Official Took Bribes To Allow Dangerous Chicken Fingers

( – Last Wednesday, the former New York City schools official who oversaw food service and three food vendors were all convicted on charges relating to the purchase of chicken tenders containing bits of metal and bones, the Associated Press reported.

Eric Goldstein, the former chief executive of New York City’s Department of Education Office of School Support Services, along with Blaine Iler, Brian Twhomey, and Michael Turley, the founders of a school food vendor company SOMMA Food Group, were found guilty of conspiracy, bribery, and other charges.

While heading up the Office of School Support Services from 2008 to 2018, Goldstein was responsible for overseeing the SchoolFood food service operation.

According to prosecutors, SOMMA Food Group bribed Goldstein to get its products into the New York City School system. Turley and Twomey paid Goldstein and his divorce lawyer thousands of dollars while he helped fast-track SOMMA’s products, including Chickentopia chicken tenders, in the schools.

But in September 2016, a school employee choked on a bone in one of the supposed “boneless” chicken tenders. As a result, the schools stopped offering Chickentopia.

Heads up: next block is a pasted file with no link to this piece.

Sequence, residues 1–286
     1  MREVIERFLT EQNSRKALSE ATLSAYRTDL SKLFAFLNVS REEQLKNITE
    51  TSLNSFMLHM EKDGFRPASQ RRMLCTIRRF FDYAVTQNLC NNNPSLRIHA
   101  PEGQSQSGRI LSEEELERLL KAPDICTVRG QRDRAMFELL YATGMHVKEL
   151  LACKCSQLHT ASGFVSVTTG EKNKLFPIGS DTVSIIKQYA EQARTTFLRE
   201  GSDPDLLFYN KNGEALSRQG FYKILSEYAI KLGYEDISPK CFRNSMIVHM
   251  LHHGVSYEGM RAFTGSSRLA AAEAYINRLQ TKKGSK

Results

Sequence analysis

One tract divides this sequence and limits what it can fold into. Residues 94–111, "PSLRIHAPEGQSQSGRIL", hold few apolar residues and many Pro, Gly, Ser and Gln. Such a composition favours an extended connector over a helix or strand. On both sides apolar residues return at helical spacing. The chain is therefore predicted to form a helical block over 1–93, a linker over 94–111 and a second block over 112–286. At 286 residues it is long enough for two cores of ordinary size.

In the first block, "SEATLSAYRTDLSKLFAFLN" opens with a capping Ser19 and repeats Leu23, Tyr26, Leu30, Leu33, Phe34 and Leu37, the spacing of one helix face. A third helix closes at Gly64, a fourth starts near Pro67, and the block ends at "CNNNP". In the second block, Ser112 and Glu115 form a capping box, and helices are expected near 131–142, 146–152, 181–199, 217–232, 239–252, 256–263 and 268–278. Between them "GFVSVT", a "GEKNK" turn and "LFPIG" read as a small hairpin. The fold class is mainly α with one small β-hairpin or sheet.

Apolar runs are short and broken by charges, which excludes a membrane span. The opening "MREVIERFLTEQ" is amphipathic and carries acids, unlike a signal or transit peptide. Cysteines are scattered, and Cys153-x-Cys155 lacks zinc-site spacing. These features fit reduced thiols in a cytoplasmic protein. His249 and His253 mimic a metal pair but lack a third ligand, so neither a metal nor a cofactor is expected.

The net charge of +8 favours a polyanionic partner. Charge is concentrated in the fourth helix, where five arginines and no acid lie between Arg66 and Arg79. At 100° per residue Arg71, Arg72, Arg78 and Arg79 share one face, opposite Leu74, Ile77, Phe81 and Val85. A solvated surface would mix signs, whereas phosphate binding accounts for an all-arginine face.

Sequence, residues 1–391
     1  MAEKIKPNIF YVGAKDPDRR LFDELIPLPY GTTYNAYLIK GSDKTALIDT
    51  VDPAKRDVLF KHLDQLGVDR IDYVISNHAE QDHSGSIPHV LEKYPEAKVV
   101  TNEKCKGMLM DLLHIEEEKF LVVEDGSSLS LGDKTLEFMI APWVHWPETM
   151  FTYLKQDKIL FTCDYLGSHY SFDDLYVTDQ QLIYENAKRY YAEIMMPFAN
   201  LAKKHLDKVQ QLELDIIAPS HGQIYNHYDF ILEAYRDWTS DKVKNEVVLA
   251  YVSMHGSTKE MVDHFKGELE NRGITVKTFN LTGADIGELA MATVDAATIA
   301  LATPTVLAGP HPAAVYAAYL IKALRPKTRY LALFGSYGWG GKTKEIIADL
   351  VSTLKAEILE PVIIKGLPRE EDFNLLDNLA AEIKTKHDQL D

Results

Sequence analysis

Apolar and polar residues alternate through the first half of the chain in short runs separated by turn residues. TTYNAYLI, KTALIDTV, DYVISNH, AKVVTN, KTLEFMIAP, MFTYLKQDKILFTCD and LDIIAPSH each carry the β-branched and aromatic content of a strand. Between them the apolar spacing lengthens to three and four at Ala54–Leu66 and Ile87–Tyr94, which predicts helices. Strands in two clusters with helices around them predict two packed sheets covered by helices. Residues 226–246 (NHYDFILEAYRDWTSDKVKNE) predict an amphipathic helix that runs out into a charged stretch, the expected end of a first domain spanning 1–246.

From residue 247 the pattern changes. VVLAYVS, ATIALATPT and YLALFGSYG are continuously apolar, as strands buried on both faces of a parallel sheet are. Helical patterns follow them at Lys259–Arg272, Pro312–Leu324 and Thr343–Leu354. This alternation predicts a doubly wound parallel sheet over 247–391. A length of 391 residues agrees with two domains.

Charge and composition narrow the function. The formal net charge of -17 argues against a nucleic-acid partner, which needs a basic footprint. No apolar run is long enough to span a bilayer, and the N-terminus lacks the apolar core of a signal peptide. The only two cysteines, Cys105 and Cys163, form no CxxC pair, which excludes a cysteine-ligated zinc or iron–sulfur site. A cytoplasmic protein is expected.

But two months later, after the three SOMMA founders agreed to pay Goldstein $66,670 and give him shares in their beef business, Chickentopia tenders were back in the schools, according to prosecutors.

Once the chicken tenders came back, so too did the complaints about foreign objects found in them. Ultimately, SchoolFood dropped SOMMA products altogether in April 2017.

During testimony, Goldstein argued that he could not single handedly get a food product into schools, saying the process was “heavily gated” involving dozens of people. He also claimed that fast-tracking of products does not include skipping steps in the process.

While sentencing in the case has not been scheduled as yet, the convictions carry a possible prison term of 20 years.

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